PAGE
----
In 1972, essayist Robert Perske first articulated the concept of the ‘dignity of risk’ in relation to caretaking for the aged and disabled. In his treatise, he put forward that “overprotection may appear on the surface to be kind, but it can be really evil … [it] can smother people emotionally, squeeze the life out of their hopes and expectations, and strip them of their dignity”, concluding that “there can be healthy development in risk taking and there can be crippling indignity in safety”.

Now, in a landmark co-production between the Australian Theatre for Young People and Shopfront Arts Co-Op, that notion is being fully embraced in Dignity Of Risk, a show devised by young artists of varying ability levels about the freedom to make mistakes.

“The idea for the show came about a couple of years ago when the Harness Ensemble – who were predominantly at that point an ensemble with disability – as they became young adults, started thinking about what they could and couldn’t do in the world; what independence they could have, and what and who around them stopped them from taking risks,” says Natalie Rose, the show’s director and Shopfront’s Creative Producer. “Then I came into the show and the ensemble grew – well, it doubled – and then ATYP came on board … and got five people from here to make it like a mega ensemble.

Watch the ATYP ensemble discuss the nature of risk below:

“We’re looking at being a person in the world regardless of ability – the ensemble is with and without disabilities – but looking at how you judge yourself, how you judge other people and how other people judge you; this sort of real tug-of-war in your life of when you’re deemed capable and incapable.”

For young performer Jake Pafumi, the experience has been revelatory, allowing him to define precisely what the process of growing up entails and the risks inherent – and necessary – to maturing. “This specific opportunity has been a real eye opener for me, personally,” he says. “I feel that the ensemble, they have vastly different experiences in the world that they’ve come from [but] we’re all kinda going along the same journey – growing up, figuring which boundaries we can push, who holds us back, what we are able to do with our abilities and capabilities – and it’s been an eye-opening experience as to how we interact with each other; how we interact with the world around us.”

If there’s no fear, how’re you gonna push yourself; how’re you gonna know your limits; how’re you gonna reach your highest potential? You just don’t know if you’re not gonna take those risks.

“There’s been this comfort in discovering that regardless of your abilities and capabilities, that everyone’s kind of in the same boat of having a bit of a shit time every now and then,” says Rose, never one to mince words. “There’s kind of comfort in the fact that we’re all in this crappy world and trying to figure out who you are together.”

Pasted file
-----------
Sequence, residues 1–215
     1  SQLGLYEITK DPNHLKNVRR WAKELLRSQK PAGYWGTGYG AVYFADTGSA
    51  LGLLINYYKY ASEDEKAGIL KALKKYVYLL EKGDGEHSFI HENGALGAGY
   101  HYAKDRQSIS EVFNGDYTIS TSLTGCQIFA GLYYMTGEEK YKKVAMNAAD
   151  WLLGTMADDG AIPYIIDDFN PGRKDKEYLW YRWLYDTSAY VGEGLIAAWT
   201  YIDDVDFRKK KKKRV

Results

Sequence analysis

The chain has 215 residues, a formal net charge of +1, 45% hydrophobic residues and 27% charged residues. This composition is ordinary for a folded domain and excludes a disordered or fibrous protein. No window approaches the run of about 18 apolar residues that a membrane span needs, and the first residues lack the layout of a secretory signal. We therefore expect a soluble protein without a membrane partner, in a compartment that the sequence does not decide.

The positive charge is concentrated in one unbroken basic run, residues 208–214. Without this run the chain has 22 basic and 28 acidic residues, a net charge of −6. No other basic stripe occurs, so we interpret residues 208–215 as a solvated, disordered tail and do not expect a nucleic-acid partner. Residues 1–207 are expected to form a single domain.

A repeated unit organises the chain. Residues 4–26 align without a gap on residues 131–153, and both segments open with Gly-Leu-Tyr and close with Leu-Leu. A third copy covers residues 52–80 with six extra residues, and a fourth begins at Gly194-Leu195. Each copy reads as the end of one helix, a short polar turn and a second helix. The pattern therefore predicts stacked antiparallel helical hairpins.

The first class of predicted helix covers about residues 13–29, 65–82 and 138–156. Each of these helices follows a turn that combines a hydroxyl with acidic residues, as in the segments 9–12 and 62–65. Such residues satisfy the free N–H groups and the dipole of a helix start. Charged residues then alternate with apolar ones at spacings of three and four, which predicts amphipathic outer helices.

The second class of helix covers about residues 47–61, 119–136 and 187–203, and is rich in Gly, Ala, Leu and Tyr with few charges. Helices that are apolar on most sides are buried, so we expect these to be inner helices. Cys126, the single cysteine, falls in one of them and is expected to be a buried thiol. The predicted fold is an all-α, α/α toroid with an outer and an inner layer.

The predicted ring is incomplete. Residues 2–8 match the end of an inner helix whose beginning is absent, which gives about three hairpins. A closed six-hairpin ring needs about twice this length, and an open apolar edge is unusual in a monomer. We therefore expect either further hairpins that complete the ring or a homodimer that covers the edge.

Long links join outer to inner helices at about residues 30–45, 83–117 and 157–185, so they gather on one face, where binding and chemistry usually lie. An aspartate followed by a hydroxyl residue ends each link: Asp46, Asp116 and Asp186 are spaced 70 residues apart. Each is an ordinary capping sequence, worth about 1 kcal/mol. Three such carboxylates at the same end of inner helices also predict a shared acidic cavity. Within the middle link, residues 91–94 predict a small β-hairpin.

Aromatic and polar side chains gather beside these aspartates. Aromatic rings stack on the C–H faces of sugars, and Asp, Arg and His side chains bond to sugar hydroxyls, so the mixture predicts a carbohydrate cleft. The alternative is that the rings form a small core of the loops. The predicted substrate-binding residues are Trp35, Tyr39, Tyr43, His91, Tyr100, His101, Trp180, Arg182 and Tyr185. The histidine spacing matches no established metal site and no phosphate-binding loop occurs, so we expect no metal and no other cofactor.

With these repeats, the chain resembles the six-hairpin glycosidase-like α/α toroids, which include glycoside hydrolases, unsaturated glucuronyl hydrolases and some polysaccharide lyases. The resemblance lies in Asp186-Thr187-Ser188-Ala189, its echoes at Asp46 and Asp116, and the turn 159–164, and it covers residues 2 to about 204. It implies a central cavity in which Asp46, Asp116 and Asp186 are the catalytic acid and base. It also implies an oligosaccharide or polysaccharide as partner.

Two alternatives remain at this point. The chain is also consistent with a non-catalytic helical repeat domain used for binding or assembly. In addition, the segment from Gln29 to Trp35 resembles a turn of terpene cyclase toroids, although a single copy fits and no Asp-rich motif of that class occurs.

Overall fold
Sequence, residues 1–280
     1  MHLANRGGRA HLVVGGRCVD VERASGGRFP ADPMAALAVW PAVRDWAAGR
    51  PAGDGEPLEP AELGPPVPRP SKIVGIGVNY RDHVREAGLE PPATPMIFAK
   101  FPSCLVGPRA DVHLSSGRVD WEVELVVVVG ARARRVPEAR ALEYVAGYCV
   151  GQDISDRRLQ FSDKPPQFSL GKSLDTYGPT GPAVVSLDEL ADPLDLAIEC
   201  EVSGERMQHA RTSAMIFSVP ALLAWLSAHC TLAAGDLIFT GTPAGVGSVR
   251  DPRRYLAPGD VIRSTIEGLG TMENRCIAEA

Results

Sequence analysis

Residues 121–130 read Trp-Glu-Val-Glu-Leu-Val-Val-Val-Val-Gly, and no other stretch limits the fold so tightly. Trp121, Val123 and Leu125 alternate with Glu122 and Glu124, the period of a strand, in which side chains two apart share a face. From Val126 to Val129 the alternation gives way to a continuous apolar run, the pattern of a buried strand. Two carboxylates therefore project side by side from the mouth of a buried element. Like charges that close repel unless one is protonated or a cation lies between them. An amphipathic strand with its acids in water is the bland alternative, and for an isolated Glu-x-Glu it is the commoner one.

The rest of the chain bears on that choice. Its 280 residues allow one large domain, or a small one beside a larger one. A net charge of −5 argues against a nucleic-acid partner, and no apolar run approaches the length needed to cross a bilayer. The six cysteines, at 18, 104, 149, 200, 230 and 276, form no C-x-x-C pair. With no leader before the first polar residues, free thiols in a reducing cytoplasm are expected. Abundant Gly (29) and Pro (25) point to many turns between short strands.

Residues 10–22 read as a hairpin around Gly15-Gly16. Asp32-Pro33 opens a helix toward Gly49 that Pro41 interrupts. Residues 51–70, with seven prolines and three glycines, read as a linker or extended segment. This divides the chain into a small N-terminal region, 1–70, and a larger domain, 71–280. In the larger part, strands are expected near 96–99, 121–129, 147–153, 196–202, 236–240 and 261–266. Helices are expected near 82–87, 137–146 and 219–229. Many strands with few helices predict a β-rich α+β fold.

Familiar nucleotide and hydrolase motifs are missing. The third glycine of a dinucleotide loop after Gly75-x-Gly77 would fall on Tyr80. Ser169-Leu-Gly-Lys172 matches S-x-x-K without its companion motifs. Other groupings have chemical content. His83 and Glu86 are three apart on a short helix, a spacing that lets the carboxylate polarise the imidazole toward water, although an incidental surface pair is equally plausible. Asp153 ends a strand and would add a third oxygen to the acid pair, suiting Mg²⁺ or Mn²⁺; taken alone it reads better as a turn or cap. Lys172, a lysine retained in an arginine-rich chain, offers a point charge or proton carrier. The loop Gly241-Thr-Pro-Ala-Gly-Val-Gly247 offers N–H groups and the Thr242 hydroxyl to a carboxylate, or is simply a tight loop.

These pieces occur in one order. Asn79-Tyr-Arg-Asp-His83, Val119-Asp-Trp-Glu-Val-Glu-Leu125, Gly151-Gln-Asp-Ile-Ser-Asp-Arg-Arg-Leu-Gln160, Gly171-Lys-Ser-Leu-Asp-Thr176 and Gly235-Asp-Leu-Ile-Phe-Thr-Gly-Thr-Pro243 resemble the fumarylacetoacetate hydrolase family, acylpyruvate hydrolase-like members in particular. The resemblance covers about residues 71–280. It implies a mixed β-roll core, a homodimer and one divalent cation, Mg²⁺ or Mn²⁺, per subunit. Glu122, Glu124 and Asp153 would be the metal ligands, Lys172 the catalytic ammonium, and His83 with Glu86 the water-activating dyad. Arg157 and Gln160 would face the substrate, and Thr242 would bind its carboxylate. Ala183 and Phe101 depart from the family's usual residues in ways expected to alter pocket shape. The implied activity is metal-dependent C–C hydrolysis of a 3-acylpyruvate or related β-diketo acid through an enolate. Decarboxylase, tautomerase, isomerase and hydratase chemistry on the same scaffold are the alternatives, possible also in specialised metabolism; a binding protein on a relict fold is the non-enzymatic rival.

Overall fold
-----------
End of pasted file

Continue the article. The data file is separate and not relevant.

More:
Even for its co-producers at ATYP, the show itself is potentially risky – it’s rare for the company to engage in the nebulous practice of devised theatre, having primarily worked in scripted theatre before. Naturally, it’s a measured risk: Rose has built a career on devised work with collaborative performance ensemble Post, and contemporary performances incorporating personal stories are Shopfront’s bread and butter.

“Everything in the show has been generated from the ensemble in collaboration with the creative team, so it’s personal stories on stage, and it’s walking that line between fact and fiction,” says Rose. “In the fact that it’s a devised piece, there’s a risk just in that, in itself. Any devised work is risky territory. I’d say that Shopfront always uses the voices of the people in that ensemble or workshop to make the work. We’ve definitely followed that path and that’s something new for ATYP – to put on a show that isn’t entering the rehearsal period with a script. At the beginning of the period, we had no idea where we would end up.”

There’s been this comfort in discovering that regardless of your abilities and capabilities, that everyone’s kind of in the same boat of having a bit of a shit time every now and then.

The result is truly unique – a contemporary performance in which young people with and without disability recreate their personal experiences on stage, dismantling the perceived boundaries between them. “It’s real people on stage telling real stories,” says Rose.

If it sounds daunting getting up on stage at the national youth theatre and speaking to your own life experience in an experimental art form, that’s precisely the point. Rarely, if ever, before have young people (especially those with disability) been offered such a gamble – the possibility of failure, the chance to overcome a challenge, is exactly what they want and need.

“If you’re not able to push your boundaries and speak up for yourself then what’s the point in going for something, if there’s no risk?” says Pafumi.

“If there’s no fear, how’re you gonna push yourself; how’re you gonna know your limits; how’re you gonna reach your highest potential? You just don’t know if you’re not gonna take those risks. If you sit comfortably, you might be happy but you mightn’t get anywhere, but I feel like you take a risk, you can find out truly your potential and what you want to do and where you want to go.”

Dignity Of Risk runs from Wednesday August 9 – Saturday August 26 at ATYP.

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